The German Order (Deutscher Orden) was the most important award that the Nazi Party could bestow on an individual for "duties of the highest order to the state and party". This award was first made by Adolf Hitler posthumously to Reichsminister Fritz Todt at his funeral in February, 1942. A second posthumous award of the German Order was given to SS-Obergruppenführer Reinhard Heydrich at his funeral in June of that same year.
Cynics called the award the "dead hero order" as it was almost always awarded posthumously. The only two persons who received the German Order who survived the war and its consequences were Konstantin Hierl and Arthur Axmann.
The German Order was originally to be awarded in three grades, but only the neck order (the highest grade) was ever awarded. This award ranks the second rarest award in the Third Reich (second only to the National Prize for Art and Science). The holders of this award were supposed to form a confraternity.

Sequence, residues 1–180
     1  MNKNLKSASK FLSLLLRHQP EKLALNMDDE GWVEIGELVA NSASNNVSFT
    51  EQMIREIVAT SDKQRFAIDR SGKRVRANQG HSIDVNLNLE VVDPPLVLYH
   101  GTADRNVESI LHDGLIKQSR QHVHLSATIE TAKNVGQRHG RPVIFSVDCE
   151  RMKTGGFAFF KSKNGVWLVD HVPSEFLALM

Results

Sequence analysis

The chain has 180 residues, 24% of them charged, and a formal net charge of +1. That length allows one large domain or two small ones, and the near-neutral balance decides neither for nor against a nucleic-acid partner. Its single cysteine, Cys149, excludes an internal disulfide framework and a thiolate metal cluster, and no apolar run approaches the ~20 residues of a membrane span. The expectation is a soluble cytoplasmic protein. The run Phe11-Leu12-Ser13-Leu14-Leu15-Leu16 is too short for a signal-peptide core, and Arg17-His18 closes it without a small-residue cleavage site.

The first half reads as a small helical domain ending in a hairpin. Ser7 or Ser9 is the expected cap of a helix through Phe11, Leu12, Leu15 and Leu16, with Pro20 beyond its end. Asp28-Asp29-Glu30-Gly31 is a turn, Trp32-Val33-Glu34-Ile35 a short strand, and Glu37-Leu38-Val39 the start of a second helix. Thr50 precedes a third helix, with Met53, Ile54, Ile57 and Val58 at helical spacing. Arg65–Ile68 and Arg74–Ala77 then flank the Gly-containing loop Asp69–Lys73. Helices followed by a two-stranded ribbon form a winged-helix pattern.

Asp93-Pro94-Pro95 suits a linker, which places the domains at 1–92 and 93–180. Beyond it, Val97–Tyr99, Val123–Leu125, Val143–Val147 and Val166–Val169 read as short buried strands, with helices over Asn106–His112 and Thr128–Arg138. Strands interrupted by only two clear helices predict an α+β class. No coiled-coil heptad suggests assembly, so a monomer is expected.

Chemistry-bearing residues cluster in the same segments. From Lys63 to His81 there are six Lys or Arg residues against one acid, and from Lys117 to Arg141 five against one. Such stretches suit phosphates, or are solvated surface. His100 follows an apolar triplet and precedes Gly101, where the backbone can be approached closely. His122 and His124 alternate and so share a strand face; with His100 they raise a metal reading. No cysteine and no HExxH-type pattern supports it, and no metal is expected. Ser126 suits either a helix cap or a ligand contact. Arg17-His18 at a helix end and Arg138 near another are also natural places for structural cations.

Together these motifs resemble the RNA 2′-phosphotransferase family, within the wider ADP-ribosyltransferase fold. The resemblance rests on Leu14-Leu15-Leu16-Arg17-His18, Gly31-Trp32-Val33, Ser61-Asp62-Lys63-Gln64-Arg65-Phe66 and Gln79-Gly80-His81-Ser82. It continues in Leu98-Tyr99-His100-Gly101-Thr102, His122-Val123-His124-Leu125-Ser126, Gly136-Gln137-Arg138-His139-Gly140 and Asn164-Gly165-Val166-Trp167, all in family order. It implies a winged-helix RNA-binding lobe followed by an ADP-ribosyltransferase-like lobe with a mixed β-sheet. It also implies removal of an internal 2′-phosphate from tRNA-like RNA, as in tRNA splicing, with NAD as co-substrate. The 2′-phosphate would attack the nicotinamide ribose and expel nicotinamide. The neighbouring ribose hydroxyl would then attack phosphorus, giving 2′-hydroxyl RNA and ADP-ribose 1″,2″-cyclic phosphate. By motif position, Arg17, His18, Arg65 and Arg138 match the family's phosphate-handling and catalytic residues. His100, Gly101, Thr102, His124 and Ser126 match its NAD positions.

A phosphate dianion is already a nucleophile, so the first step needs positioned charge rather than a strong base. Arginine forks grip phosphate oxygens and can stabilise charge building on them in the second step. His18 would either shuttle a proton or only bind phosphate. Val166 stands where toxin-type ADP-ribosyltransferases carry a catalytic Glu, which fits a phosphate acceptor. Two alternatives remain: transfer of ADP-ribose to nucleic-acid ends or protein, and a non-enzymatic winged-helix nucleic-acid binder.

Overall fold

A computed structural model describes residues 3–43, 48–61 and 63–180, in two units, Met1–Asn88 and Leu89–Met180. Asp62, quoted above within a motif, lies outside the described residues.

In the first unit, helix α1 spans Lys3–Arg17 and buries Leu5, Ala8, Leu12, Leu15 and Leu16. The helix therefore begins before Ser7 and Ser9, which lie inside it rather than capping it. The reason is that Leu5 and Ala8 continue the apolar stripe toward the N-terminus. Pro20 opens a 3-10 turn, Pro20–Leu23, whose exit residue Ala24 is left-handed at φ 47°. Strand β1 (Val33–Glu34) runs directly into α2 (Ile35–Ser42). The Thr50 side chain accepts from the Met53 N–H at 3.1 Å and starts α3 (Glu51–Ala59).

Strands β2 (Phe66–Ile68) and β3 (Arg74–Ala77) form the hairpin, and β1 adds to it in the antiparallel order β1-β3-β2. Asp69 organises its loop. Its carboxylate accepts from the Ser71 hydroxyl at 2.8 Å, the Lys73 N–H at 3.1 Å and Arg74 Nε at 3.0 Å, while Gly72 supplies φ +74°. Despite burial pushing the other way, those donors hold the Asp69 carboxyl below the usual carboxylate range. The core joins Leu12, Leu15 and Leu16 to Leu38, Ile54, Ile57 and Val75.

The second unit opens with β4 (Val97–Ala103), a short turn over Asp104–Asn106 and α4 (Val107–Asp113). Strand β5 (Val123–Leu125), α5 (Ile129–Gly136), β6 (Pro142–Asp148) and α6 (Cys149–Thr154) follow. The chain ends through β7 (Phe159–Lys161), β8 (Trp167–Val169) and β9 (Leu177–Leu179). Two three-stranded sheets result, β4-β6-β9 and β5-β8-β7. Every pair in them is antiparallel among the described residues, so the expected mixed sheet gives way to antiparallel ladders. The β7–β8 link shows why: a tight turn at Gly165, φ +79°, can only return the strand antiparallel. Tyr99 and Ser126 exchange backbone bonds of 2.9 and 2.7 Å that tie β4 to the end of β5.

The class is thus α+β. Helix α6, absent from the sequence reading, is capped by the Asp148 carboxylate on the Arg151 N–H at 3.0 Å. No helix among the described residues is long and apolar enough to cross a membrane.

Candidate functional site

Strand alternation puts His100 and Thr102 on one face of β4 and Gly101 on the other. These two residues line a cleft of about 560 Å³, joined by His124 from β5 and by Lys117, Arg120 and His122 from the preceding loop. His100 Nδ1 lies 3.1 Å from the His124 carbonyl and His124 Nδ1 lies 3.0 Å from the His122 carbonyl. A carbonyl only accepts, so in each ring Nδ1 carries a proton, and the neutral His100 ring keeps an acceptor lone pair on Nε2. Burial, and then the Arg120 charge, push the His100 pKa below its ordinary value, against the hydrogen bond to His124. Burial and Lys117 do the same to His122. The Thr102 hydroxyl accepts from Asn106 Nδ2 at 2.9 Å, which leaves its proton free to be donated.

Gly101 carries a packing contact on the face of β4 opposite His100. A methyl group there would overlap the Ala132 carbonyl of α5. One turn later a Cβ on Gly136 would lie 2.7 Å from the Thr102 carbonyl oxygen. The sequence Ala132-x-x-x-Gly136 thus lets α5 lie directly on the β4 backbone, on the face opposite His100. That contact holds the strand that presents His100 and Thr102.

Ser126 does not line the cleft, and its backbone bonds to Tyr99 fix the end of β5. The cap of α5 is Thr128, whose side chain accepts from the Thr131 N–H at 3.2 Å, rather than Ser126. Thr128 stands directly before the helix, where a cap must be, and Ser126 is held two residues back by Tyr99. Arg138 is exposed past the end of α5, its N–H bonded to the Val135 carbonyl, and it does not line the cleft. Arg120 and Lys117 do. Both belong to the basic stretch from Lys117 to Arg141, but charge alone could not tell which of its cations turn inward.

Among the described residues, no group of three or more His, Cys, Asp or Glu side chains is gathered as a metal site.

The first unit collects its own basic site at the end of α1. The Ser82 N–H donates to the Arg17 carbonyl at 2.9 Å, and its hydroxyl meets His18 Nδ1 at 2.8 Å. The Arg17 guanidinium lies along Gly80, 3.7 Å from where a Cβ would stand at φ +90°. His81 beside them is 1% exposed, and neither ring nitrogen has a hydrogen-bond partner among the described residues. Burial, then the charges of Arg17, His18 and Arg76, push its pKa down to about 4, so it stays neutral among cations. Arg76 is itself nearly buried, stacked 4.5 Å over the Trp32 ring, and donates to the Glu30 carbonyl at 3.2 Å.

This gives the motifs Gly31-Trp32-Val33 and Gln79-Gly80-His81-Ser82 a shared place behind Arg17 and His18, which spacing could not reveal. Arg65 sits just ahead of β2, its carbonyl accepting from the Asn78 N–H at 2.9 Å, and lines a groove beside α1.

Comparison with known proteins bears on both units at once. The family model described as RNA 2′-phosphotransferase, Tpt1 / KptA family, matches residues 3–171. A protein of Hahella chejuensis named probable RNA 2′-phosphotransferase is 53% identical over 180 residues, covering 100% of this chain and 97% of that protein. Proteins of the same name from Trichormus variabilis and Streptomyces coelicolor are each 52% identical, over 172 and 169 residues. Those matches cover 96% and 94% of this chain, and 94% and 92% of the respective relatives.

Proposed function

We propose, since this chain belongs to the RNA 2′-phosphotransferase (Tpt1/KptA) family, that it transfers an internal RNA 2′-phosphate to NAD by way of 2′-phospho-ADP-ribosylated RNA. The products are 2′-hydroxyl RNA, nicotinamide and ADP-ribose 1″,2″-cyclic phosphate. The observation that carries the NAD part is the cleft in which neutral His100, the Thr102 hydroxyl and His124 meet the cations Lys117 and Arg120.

Adolf Hitler viewed this award as his personal decoration to be bestowed only upon those whose services to the state and party he deemed worthy. For this reason, plus the fact that the reverse of the medal bears a facsimile of his signature, it was also informally known as the 'Hitler Order'.
There were in all eleven confirmed recipents of this award between 1942 and 1945. According to some documents, the order was intended to be awarded to Reichsführer SS Heinrich Himmler and Grand Admiral Karl Dönitz, but this was never done.